More than two thirds or CIOs base pressured decisions on instinct despite 76% admitting it’s often at odds with data sources or third-party advice, research has revealed.
With IT occupying a more strategic role in businesses than ever before, favouring personal instinct could owe to a greater feeling of accountability for decisions.
In the study by Colt of 201 European IT decision makers, the majority (71%) said intuition and personal experience is, on balance, more effective than data intelligence when making decisions.
When managing external events, more CIOs rated professional experience (69%) as being most important to making decisions than using data and intelligence (66%).
More IT leaders felt that when responding to emerging customer requirements, professional experience (67%) informed effective decisions, rather than relying on data and intelligence (61%).
And, significantly, professional experience was also considered of higher importance (63%) than data and intelligence (56%) when dealing with changing compliance regulations.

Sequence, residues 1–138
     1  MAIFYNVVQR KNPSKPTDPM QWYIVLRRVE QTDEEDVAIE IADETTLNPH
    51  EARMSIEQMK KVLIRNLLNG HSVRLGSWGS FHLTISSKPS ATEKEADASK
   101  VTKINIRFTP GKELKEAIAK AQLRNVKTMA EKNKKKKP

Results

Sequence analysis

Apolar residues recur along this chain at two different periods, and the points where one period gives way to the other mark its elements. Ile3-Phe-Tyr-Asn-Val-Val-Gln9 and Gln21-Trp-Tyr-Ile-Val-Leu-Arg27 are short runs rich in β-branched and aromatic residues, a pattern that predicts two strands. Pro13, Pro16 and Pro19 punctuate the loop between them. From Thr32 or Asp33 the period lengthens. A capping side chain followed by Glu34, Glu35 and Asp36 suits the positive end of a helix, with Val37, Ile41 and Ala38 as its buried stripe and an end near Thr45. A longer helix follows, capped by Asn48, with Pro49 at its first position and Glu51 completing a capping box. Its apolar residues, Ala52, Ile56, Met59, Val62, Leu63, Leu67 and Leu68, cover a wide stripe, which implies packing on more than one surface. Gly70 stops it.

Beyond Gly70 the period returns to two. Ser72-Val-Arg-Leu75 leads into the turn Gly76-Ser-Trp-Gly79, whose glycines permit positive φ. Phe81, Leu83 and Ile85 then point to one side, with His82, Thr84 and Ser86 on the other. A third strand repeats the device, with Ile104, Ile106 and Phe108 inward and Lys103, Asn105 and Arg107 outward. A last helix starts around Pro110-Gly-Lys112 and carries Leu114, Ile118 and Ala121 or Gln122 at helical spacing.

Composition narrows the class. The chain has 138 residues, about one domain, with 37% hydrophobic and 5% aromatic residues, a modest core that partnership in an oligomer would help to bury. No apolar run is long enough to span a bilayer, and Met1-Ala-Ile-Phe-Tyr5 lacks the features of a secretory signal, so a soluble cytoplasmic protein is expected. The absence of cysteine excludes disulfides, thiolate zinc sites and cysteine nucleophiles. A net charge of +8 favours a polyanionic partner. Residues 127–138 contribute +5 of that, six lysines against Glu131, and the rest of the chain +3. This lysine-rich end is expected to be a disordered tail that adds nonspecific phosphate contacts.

Meanwhile, more than three quarters (76%) of survey respondents agreed that trust between suppliers is the most important element in ensuring successful outcomes during pivotal moments. And 78% considered technology partners as a source of technical innovation.
“The research indicates the IT department is often too insulated,” said Carl Grivner, EVP at Colt. “When the stakes are high and a CIO is feeling the pressure to make the right decision that will result in business and career success, the natural reaction is to draw on instinct and professional judgement.
“Other sources of expertise have limited influence – in particular input from peers in other parts of the business. In today’s digital world, there must be a greater engagement with other business areas and external resources to drive success.”